Legislature(2011 - 2012)BUTROVICH 205
03/05/2012 03:30 PM RESOURCES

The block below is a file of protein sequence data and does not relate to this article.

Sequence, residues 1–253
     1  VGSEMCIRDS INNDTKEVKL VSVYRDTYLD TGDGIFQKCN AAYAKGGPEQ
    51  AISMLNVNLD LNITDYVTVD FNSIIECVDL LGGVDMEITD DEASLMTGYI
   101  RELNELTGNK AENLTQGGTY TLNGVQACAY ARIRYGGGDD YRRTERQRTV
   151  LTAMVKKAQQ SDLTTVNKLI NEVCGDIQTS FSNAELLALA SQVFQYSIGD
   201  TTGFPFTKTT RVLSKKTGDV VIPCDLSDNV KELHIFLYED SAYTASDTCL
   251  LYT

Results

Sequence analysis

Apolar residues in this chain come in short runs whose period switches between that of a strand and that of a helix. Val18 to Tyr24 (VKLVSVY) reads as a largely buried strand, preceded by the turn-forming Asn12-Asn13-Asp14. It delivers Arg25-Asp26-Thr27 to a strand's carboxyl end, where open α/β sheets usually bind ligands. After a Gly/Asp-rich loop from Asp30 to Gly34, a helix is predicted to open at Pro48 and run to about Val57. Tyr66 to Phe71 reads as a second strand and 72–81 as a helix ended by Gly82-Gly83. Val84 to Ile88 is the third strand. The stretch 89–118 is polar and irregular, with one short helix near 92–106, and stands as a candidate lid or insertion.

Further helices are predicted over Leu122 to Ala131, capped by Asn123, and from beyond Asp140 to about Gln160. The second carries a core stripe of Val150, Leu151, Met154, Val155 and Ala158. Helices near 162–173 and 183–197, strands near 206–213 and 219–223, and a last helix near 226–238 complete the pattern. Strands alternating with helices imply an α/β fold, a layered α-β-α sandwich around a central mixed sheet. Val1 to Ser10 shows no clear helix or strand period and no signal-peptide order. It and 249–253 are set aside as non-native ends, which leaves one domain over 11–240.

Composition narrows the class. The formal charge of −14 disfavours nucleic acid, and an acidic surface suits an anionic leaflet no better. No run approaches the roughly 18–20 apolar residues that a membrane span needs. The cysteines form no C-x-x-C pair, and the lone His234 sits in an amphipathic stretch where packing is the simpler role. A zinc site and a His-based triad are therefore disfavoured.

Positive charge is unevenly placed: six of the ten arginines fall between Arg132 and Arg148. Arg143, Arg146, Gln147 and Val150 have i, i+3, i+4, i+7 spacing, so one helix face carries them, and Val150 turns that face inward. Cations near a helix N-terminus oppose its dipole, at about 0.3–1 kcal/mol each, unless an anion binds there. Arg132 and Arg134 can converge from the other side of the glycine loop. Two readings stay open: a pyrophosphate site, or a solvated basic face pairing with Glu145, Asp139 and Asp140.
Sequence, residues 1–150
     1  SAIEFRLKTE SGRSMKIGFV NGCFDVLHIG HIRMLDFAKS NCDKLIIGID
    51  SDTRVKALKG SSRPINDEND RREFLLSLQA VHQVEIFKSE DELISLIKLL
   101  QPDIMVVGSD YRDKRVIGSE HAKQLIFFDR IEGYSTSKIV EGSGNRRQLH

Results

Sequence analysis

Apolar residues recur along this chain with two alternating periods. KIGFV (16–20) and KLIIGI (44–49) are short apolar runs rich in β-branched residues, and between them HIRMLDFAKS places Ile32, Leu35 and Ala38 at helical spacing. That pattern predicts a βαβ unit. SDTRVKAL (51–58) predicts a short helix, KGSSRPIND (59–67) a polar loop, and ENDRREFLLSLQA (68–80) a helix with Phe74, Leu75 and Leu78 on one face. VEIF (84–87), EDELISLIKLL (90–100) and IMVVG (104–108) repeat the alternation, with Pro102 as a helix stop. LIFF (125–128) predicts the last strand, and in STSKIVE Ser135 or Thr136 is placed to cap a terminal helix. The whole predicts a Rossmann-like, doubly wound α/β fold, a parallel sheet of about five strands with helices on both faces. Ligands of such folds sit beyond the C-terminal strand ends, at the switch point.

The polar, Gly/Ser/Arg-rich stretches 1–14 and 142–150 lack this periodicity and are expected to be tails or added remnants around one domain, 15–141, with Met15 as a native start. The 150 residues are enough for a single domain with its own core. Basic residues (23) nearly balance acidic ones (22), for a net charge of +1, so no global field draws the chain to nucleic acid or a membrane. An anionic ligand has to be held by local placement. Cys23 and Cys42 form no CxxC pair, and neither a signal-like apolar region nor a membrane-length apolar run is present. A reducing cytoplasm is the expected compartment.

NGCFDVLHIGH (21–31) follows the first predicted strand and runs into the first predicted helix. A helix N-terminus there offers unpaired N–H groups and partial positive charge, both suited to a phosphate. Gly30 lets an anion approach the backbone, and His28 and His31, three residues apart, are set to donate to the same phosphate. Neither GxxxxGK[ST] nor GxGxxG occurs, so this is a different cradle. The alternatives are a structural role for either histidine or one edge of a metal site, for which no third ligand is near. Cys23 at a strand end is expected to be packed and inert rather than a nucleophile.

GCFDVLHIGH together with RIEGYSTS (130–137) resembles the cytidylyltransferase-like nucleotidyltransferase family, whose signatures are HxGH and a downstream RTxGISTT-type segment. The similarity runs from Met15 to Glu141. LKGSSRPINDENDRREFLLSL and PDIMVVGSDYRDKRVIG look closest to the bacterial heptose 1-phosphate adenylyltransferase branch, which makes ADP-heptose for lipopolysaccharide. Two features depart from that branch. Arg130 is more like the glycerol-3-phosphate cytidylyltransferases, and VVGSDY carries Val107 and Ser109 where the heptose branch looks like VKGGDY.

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ALASKA STATE LEGISLATURE SENATE RESOURCES STANDING COMMITTEE March 5, 2012 3:35 p.m. MEMBERS PRESENT Senator Joe Paskvan, Co-Chair Senator Thomas Wagoner, Co-Chair Senator Bill Wielechowski, Vice Chair Senator Lesil McGuire Senator Hollis French Senator Gary Stevens MEMBERS ABSENT Senator Bert Stedman OTHER LEGISLATORS PRESENT Senator Cathy Giessel Senator Joe Thomas Senator Dennis Egan COMMITTEE CALENDAR COMMITTEE SUBSTITUTE FOR HOUSE BILL NO. 185(RES) "An Act relating to an exemption from authorizations that may be required by the Department of Environmental Conservation for the firing or other use of munitions on active ranges." - MOVED CSHB 185(RES) OUT OF COMMITTEE SENATE BILL NO. 153 "An Act relating to a gas storage facility; relating to the tax credit for a gas storage facility; relating to the powers and duties of the Alaska Oil and Gas Conservation Commission; relating to the regulation of natural gas storage as a utility; relating to the powers and duties of the director of the division of lands and to lease fees for a gas storage facility on state land; and providing for an effective date." - HEARD & HELD PREVIOUS COMMITTEE ACTION BILL: HB 185 SHORT TITLE: EXEMPT DISCHARGES FROM USE OF MUNITIONS SPONSOR(s): REPRESENTATIVE(s) T.WILSON 03/10/11 (H) READ THE FIRST TIME - REFERRALS 03/10/11 (H) RES 03/18/11 (H) RES AT 1:00 PM BARNES 124 03/18/11 (H) Heard & Held 03/18/11 (H) MINUTE(RES) 03/28/11 (H) RES AT 1:00 PM BARNES 124 03/28/11 (H) Moved CSHB 185(RES) Out of Committee 03/28/11 (H) MINUTE(RES) 03/29/11 (H) RES RPT CS(RES) 7DP 1NR 03/29/11 (H) DP: FOSTER, MUNOZ, P.WILSON, HERRON, DICK, FEIGE, SEATON 03/29/11 (H) NR: GARDNER 04/01/11 (H) TRANSMITTED TO (S) 04/01/11 (H) VERSION: CSHB 185(RES) 04/04/11 (S) READ THE FIRST TIME - REFERRALS 04/04/11 (S) RES 04/13/11 (S) RES AT 3:30 PM BUTROVICH 205 04/13/11 (S) Heard & Held 04/13/11 (S) MINUTE(RES) 02/17/12 (S) RES AT 3:30 PM BUTROVICH 205 02/17/12 (S) Scheduled But Not Heard 02/21/12 (S) RES AT 3:30 PM BUTROVICH 205 02/21/12 (S) Heard & Held 02/21/12 (S) MINUTE(RES) 03/05/12 (S) RES AT 3:30 PM BUTROVICH 205 BILL: SB 153 SHORT TITLE: NATURAL GAS STORAGE TAX CREDIT/REGULATION SPONSOR(s): SENATOR(s) THOMAS 01/17/12 (S) PREFILE RELEASED 1/13/12 01/17/12 (S) READ THE FIRST TIME - REFERRALS 01/17/12 (S) RES, FIN 02/09/12 (S) RES AT 3:30 PM BUTROVICH 205 02/09/12 (S) Heard & Held 02/09/12 (S) MINUTE(RES) 03/05/12 (S) RES AT 3:30 PM BUTROVICH 205 WITNESS REGISTER REPRESENTATIVE TAMMIE WILSON Alaska State Legislature Juneau, AK POSITION STATEMENT: Sponsor of HB 185. ALPHEUS BULLARD, Legislative Attorney Legislative Affairs Agency Alaska State Legislature Juneau, AK POSITION STATEMENT: Answered questions about HB 185. MCHUGH PIERRE, Deputy Commissioner Department of Military & Veterans Affairs (DMVA) Juneau, AK POSITION STATEMENT: Supported CSHB 185. SETH BEAUSANG, Assistant Attorney General Civil Division Environmental Section Department of Law (DOL) Representing the Department of Environmental Conservation (DEC) Anchorage, AK POSITION STATEMENT: Explained provisions in HB 185 related to primacy issues. KEVIN WARD, Regional Counsel Regional Environmental Office US Army Denver, CO Representing the Regional Environmental Coordinator US Department of Defense Washington, D.C. POSITION STATEMENT: Related background on primacy issues and how they may relate to base closures in HB 185. GRIER HOPKINS, Staff Senator Joe Thomas Alaska State Legislature Juneau, AK POSITION STATEMENT: Explained changes in CSSB 153( ), version D, for the sponsor. GENE THERRIAULT, Vice President Resource Development Golden Valley Electric Association (GVEA) Fairbanks, AK POSITION STATEMENT: Supported version D of CSSB 153( ). ACTION NARRATIVE 3:35:56 PM CO-CHAIR THOMAS WAGONER called the Senate Resources Standing Committee meeting to order at 3:35 p.m. Present at the call to order were Senators Stevens, Wielechowski, French, Co-Chair Paskvan and Co-Chair Wagoner. HB 185-EXEMPT DISCHARGES FROM USE OF MUNITIONS 3:36:46 PM CO-CHAIR WAGONER announced HB 185 to be up for consideration [CSHB 185(RES) was before the committee]. He said this bill was heard twice by the committee and a motion was pending. 3:37:03 PM SENATOR MCGUIRE joined the committee. 3:37:50 PM REPRESENTATIVE TAMMIE WILSON, sponsor of HB 185, explained that a problem was created when the Alaska Clean Water Act was amended in 2008 to its current form. The state's long standing comprehensive military munitions exemption, AS 46.03.100(e)(7), says "unless it results in a discharge into waters of the United States" and this language potentially allows for a more expansive unintended application of Alaska's Clean Water Act than the federal Clean Water Act (CWA) due to the many and varying interpretations of "waters of the US." The proposed amendment in HB 185: "unless otherwise regulated by the federal Water Pollution Control Act" will maintain the state's primacy and at the same time allow Alaska military ranges to comply with state law by operating in accordance with federal law. If not passed, the possibility exists that military ranges would have to curtail operations because of unique interpretations of Alaska law even if the ranges are in compliance with federal law. A consequence of the potential limited uses of the military ranges is that the U.S. Department of Defense (USDOD) could decide to use this decision to downsize Alaska's military presence. The bottom line is that HB 185 maintains Alaska's primacy, protects the environment and allows military exercises to continue without potential legal issues. REPRESENTATIVE T. WILSON said she took this bill on because Eielson is one of the bases that could Alaska could potentially lose. 3:40:11 PM CO-CHAIR PASKVAN said last year one of his responses indicated that the effects and purpose of the legislation weren't clear and asked the drafting attorney what he thought. 3:40:47 PM ALPHEUS BULLARD, Legislative Attorney, Legislative Affairs Agency, Alaska State Legislature, replied that he thought the sponsor had spoken to that. He didn't know if there was any distinction in enforcement of "into the waters of the United States" or what is regulated under the Clean Water Act. At this moment there is no difference. If the state were to more stringently define "waters of the United States" in the future, there might be some deviation. 3:41:31 PM CO-CHAIR PASKVAN asked if the issue of primacy is to establish the Alaska Department of Environmental Conservation (ADEC) as the procedural agency to handle permitting with the federal law being the only substantive law applying. MR. BULLARD answered that was his understanding. SENATOR WIELECHOWSKI asked if the essence of this bill is changing current law that says "firing or other use of munitions in training activities is allowed unless it results in discharge into waters of the United States" to "waters regulated under 33 USC 188.8.131.52." MR. BULLARD answered yes. One other change includes the word "service", but it doesn't expand the language. SENATOR WIELECHOWSKI asked if passing this law means Alaska is turning over its sovereignty and allowing the federal government to decide what the definition is. MR. BULLARD replied that wasn't entirely fair to say. He didn't think the state has that much to say about federal waters whether it's US waters or the Clean Water Act. SENATOR WIELECHOWSKI recapped that they are saying there is a law on the books against shooting munitions if it results in discharge into the waters of the United States and that is being changed to give control over what happens on a military base regarding munitions to the federal government. In other words, the federal government could change the law in a way that maybe we wouldn't like and by passing this, Alaska is losing its authority in that regard. 3:45:10 PM MR. BULLARD replied that some latitude is lost, but he didn't know how much. The language "waters of the United States" was originally selected when this section was drafted to comply with the Clean Water Act and the sponsor was seeking to keep this section consistent with the Clean Water Act. CO-CHAIR PASKVAN said getting to the point, assume that the federal government standard stays the same and Alaska eventually wants to have a say in what is discharged into its waters. Does this bill authorize that? MR. BULLARD replied it's possible in the future, that the state might more strictly construe "waters of the United States" than the federal Pollution Control Act does, but whatever happens in federal waters will eventually be under the say of the federal government, so he didn't know how much sovereignty would be lost. CO-CHAIR PASKVAN said there was a "big dust up" in Interior Alaska last year on the issue of what waters are state and what waters are federal. Ultimately the question is: can Alaska have a substantive say if this law would say that the federal law is the only substantive law that would be considered under any permitting process? If the federal law is the only substantive law, that seems to eliminate Alaska's voice if we had a specific concern as to discharges into the waters in Alaska. MR. BULLARD recognized his concern as legitimate, but without understanding what the future changes might be it was hard for him to comment. 3:48:33 PM CO-CHAIR WAGONER said not passing this law could jeopardize at least two bases in the State of Alaska due to the lack of their inability to operate on their firing ranges. Is that the essence of this bill and is the federal government trying to help us out with that? MR. BULLARD replied that those were policy considerations and he didn't know what the considerations of the military or the federal government are. Without the state's own definition of "waters of the United States," they lack certainty. Having a specific law cited would provide certainty as to how this is going to be enforced. CO-CHAIR WAGONER said he wanted to hear from the military side of this issue. 3:49:29 PM MCHUGH PIERRE, Deputy Commissioner, Department of Military & Veterans Affairs (DMVA), said the fact is that everyone is at risk right now. Alaska, as a state, is already competing with other states to make sure we are in an environment in which it is the easiest to do business. That means putting provisions into law that make sure Alaska is the best place to do business for the military. He said this is one of those areas the military said could be a hindrance and offered to help clean it up so it still mirrors what the state wants to do and what the federal government needs under the Clean Water Act. In summary, he said, if there is any question about what can and cannot be done in the future, instead of operating in a grey area, USDOD will operate where it knows it can take care of business. CO-CHAIR PASKVAN asked if other states' departments of environmental conservation maintain more than just a procedural role. In other words do other states have their substantive state law operate with the substantive federal law. MR. PIERRE replied that he couldn't speak to other states' environmental conservation departments, but every other state has this exemption very clearly defined for military firing ranges. Alaska is the only state that does not; and we did have it defined until we accidentally changed it and didn't incorporate this into it. CO-CHAIR PASKVAN mused maybe it's ADEC, because they were going to take over primacy last fall, and then they haven't. 3:52:05 PM SETH BEAUSANG, Assistant Attorney General, Civil Division, Environmental Section, Department of Law (DOL), representing the Department of Environmental Conservation (DEC), Anchorage, AK, said DEC assuming primacy over these kinds of permits is a multi-stage process and they hadn't gone through all the stages, but they are in the process. CO-CHAIR PASKVAN asked if he knew whether other states maintain a say in their substantive laws to their state's Clean Water Act in similar situations. MR. BEAUSANG answered that he didn't know, but he would research it. CO-CHAIR PASKVAN asked how many states have sought primacy under these circumstances where the state DEC is applying substantive federal law. MR. BEAUSANG said he didn't know that either, but he would research it and provide an answer. 3:53:58 PM KEVIN WARD, Regional Counsel, Regional Environmental Office, US Army, Denver, CO, said was he was speaking on behalf of the US Department of Defense Regional Environmental Coordinator. He believed that approximately 45 states have primacy for their CWA programs and in part they rely upon the substantive requirements of the federal CWA in establishing their state law requirements. In the Alaska situation, he said, even with the proposed changed, the state and its DEC would be in a position not just to implement procedural requirements, but also to implement state substantive requirements as it would pertain to classifying state waters. For example, what types of discharges would be allowed to waters in the state, pollutants, discharge limitations, et cetera. This amendment exclusively addresses the issue of what waters would be covered. To answer that question, there would be reference to the federal CWA. Otherwise, the state procedural and substantive requirements would apply. SENATOR WIELECHOWSKI said he had a note saying this bill doesn't change anything and that there may be a change in the future by the federal government and asked if it is fair to say that nothing changes if they pass this bill today. 3:57:12 PM MR. WARD answered that the ADEC program is being implemented through a number of stages. The stage that would apply to military munitions and ranges according to the current schedule will not be implemented until October 2012. So, if something is not enacted today and since USEPA remains the authority, nothing would change. But after October 2012, it is possible that this would have an effect depending on how "discharge waters into the US" is interpreted. If it is interpreted in a way that is unique to Alaska as opposed to the requirements of the federal CWA, that could have a negative effect on military operations. CO-CHAIR WAGONER said the economy in his district was not dependent upon the military and asked how much a situation like this would weigh in deciding whether to keep a base open, move it or close it down. MR. WARD replied that he was not privy to base closure discussions in the DOD, but after the last round of base closures in 2005 a number of criteria were used to evaluate bases and installations throughout the US. One was military value: factors included an installation's ability to absorb current and future munitions requirements, whether the condition and availability of land facilities and air space including training areas were suitable for training and staging and whether the military installation had the ability to accommodate unforeseen contingencies et cetera. 4:00:48 PM SENATOR WIELECHOWSKI said he was trying to balance the state law on the books right now that controls firing of munitions into the waters of the US - his district backs up to a military base and there have been firings of munitions into waters and land that have had environmental impacts - and his concern about turning the state's right to control where munitions are fired over to the federal government that could say it's okay to do that. CO-CHAIR PASKVAN said he understood the intent and he heard that this law would only be necessary if ADEC were to interpret the law differently than it currently interprets it. But if that doesn't happen in October 2012, then this law isn't needed. 4:03:24 PM REPRESENTATIVE T. WILSON said that laws are good only until they get sued and that is the purpose of this measure. Do we want to wait until October? In March, they will be looking at Eielson and all the relevant legislation and the question is if this will be one of the black marks that goes on the evaluation. She thought they should act now and added that she wouldn't put this forward if she thought it jeopardized anything with the CWA or pollution, because the State of Alaska is good at taking care of its land. 4:05:04 PM CO-CHAIR WAGONER asked if one of the reasons the Striker Brigade was moved to Alaska was because of the ability to train better than in other areas in the US. MR. PIERRE answered yes; Alaska has two brigade combat teams now, 3,500 to 4,000 troops between Fort Wainwright and Joint Base Elmendorf-Richardson (JBER); with their families that's 7,000 to 8,000 people. The USDOD just announced at a defense community conference last week that the Army is going to cut two of the eight brigade combat teams; two of those eight are in Alaska. The primary reason Alaska is a good place for the Army to be is because it has the open access to training. Senator Wielechowski's district has a large section for training on the Mountainside: but the Joint Pacific Alaska Range Complex is in the Interior near Senator Paskvan's district and the legislature just invested close to $80 million to build a bridge for Striker vehicles to access it. CO-CHAIR PASKVAN said he understood that the USEPA supports this measure, but he wanted the ADEC to explicitly respond to the question of if they are willing to give up Alaska's future involvement in clean water. MR. PIERRE replied that it wouldn't be proposed here if they weren't. CO-CHAIR PASKVAN said he wanted to hear that explicitly from the administration that they are willing to give up that right. 4:08:05 PM MR. BEAUSANG said because he was primarily present to answer legal questions he hesitated to answer the question directly, but he noted a letter submitted to the committee in the last session making it clear that DEC supports this change. The general reason is that is an effort to promote consistency between state and federal requirements. It's also not accurate to say that ADEC is giving up its role in CWA permitting even for munitions discharges. They will have a role to the extent that permits are required: the department would issue body and state standards that would apply. The only thing this act is trying to do is to make it consistent between state and federal law when those permits would be required. SENATOR MCGUIRE said she supports the bill and added that it's easy to let yourself go down rabbit trails. Evidence shows that every other state has it and Alaska had it up until 2008 and she wasn't aware of any catastrophic incidents. Keeping the balance between state and federal government primacy is always difficult, but she didn't want to do anything at this stage that would render Alaska less competitive when Base Realignment and Closure Commission (BRAC) closures are being discussed. Defense spending has gone way down and it's not a given that Alaska gets the support it has had in past years for its bases. 4:11:36 PM SENATOR WIELECHOWSKI said his concern was that under current law, a provision says you can't fire munitions if it results in a discharge into the waters of the US. We would be saying you can't fire munitions in a training area unless it's otherwise regulated under the federal Water Pollution Control Act (WPCA). Passing this would be changing state law where the state directly controls what it is allowing and disallowing and giving it to the federal government. Is that a correct understanding? MR. BULLARD responded that current law has an exemption for munitions fired from active ranges that go into the waters of the US. Under HB 185, the state would have an exemption for munitions unless the munitions that went into the waters of the US were otherwise regulated by the federal WPCA, which is the current interpretation under "waters of the United States." It's possible in the future that "waters of the United States" could be defined differently so that those two were not aligned. CO-CHAIR WAGONER asked with passage of this bill if they would remain aligned. MR. BULLARD answered yes. SENATOR MCGUIRE moved to report CSHB 185(RES) from committee with individual recommendations and attached fiscal note(s). There were no objections and CSHB 185(RES) moved from the Senate Resources Standing Committee. SENATOR WIELECHOWSKI said he contemplated objecting, but he thought he understood the bill a little better with the explanations. CO-CHAIR WAGONER handed the gavel to CO-CHAIR PASKVAN. 4:15:26 PM At ease from 4:15 to 4:17 p.m. SB 153-NATURAL GAS STORAGE TAX CREDIT/REGULATION 4:17:36 PM CO-CHAIR PASKVAN announced SB 153 to be up for consideration. [CSSB 153( ), version 27-LS1187\I, was before the committee]. He said Senator Thomas presented the merits of the bill at the February 9 meeting and testimony was taken. He noted the new committee substitute (CS). 4:18:35 PM CO-CHAIR WAGONER moved to adopt CSSB 153( ), version 27- LS1187\D. CO-CHAIR PASKVAN objected for discussion purposes. 4:19:24 PM SENATOR JOE THOMAS, sponsor of SB 153, recapped that the cost of fuel oil, particularly in the Interior and through much of the northwest and western part of the state, is crippling the economy. In Fairbanks, heating fuel is $4 a gallon and people are spending $667 million annually on energy costs or about $6,667 for every man, woman and child; and much of this money is leaving the community. He explained that Fairbanks currently pays $23.35 for 1 bcf/gas and $.23 per kilowatt hour for electricity. Heating bills run $1,000 to $1,500 a month for September through April. He said that many Alaskans take advantage of the weatherization and energy efficiency programs, but these increased costs have eaten up much of the savings and while the increasing price of oil is great for the state it's crippling for individuals. He said that natural gas is the lowest cost fuel, but it's three times the price in Southcentral and it is only available to 1,100 customers in Fairbanks because Fairbanks Natural Gas (FNG), the distributor, is limited by what it can get. If the winter is cold in Southcentral as well, FNG is the first one to be limited on the amount of gas they can purchase and resell. The ones that have auxiliary power are cut off first. SENATOR THOMAS said Fairbanks has distribution lines, but they aren't connected up because of the natural gas limitation. If they could access more gas, things would be different. This is why the trucking project has come to light. SB 153 begins to address that problem by incentivizing the private sector to deliver additional trucks of natural gas to Fairbanks over the next couple of years. It would extend $15 million of tax credits to a liquid natural gas trucking project such as the one proposed by Golden Valley Electric and Flint Hills with some involvement from FNG. This is basically equivalent to $15 million in tax credits that currently is applicable to the Cook Inlet Gas Storage Alaska project (CINGSA). SENATOR THOMAS said he was looking to drive the price of gas down in the Interior through the use of the credits, because it is a regulated utility, so savings have to be passed through to the consumers. 4:23:42 PM GRIER HOPKINS, staff to Senator Joe Thomas, explained that version D has one substantive change from version I; the rest is formatting and organization within statute. Version D mirrors HB 289, which is the House companion bill that just passed out of the House Resources Committee. The one substantive change that came out of the committee was the lowering of the floor for the size of LNG storage facility that can apply for a tax credit from 1 million gallons to 25,000 gallons, because Representative Feige wanted the smaller utilities along the Railbelt to have access to this credit. It is a substantial drop, but it will open up the opportunity for small utilities, such as Alaska Power and Telephone or the Copper Valley Electric Association, that are not connected to the grids to get backup power or lower their own costs. The new floor to qualify for the tax credit brings storage size to about 2.1 mmcf/gas, but it's mostly for the optional 50 percent of the construction costs. MR. HOPKINS explained that the other change is that version I addressed storage credits within existing statute and that was modeled after HB 280 from the 2010 legislature, sponsored by Representative Hawker and the Legislative Budget and Audit Committee. Senator Thomas met with a number of members from both bodies who were interested in changing the volume because of the differences in storing LNG methods and wanted to see it in an entirely different section in statute. MR. HOPKINS said Section 1 of version D addresses the lease exemption specifically, which was taken identically from version I, Section 2. He referred any questions on the lease exemption to Gene Therriault from Golden Valley Electric Association (GVEA). 4:27:34 PM He explained further that version D has a definition of "natural gas storage facility" and specifically adds "LNG or an above ground containment structure", because LNG is stored in a thermos, essentially, above ground. That is very similar to version I except for the addition of the above ground storage language. Section 3 creates the section in statute for the tax exemption, AS 43.20.047 (following directly from 43.20.046). Language matches previous language except for the changes in how the credits are applied: the $15 million cap or the 50 percent of construction costs where ever it says "storage of natural gas" to storage of "liquefied natural gas". From there on it mirrors the goal of what version I intended to do, but with slightly different formatting and continues on for some pages. It has a definition for "liquid natural gas storage facility." Language on page 4, lines 5-9, makes sure that any savings passed on to the utilities will be passed on to the customers through RCA regulation. CO-CHAIR PASKVAN removed his objection to version D and finding no further objection, announced that it was officially before the committee. He asked Mr. Therriault if he supported the CS. 4:30:24 PM GENE THERRIAULT, Vice President, Resource Development, Golden Valley Electric Association (GVEA), said he had worked closely with the sponsor and staff in both the Senate and the House and supported version D of SB 153. It addresses the concerns that the prime sponsors heard from some legislators in trying to insert "liquefied natural gas storage" language into the existing statute that was put into place in 2010 and specifically denied to application to gaseous methane or storage of natural gas in a gaseous form. They have duplicated sections of the statute and made them applicable to liquid storage. MR. THERRIAULT said they also understood Representative Feige's concern of making the product available to other smaller communities so they could get state assistance to receive the resource and actually put it to good use. He said they are trying very much to serve the largest volume possible under the concept of larger volumes bring better prices. So as the product is brought into Interior Alaska, if there are utilities or some industrial use up and down the highway system that could avail themselves of putting in smaller storage, they would be the industrial base in a smaller community, like Alaska Power and Telephone in Tok that produces the electric power. Perhaps others in the community could figure out how to avail themselves of the resource for space heat. He said that he did not have any problem dropping the volume threshold down to the 25,000 gallons. CO-CHAIR PASKVAN clarified that when one thinks of $4.00 a gallon for heating oil to get the same number of BTUs using gas under the current cost structure it would cost $1,400. So if Southcentral had to pay the equivalent of $4 a gallon for gas, their bill would increase from about $1,400 to $4,000 a year. Then people would understand why that is budget busting. If you add doubling the electric price per month as well, the crisis gets bigger. He said he would hold SB 153 in committee for further work. 4:34:56 PM CO-CHAIR PASKVAN, finding no other business to come before the Senate Resources Standing Committee, adjourned the meeting at 4:34 p.m.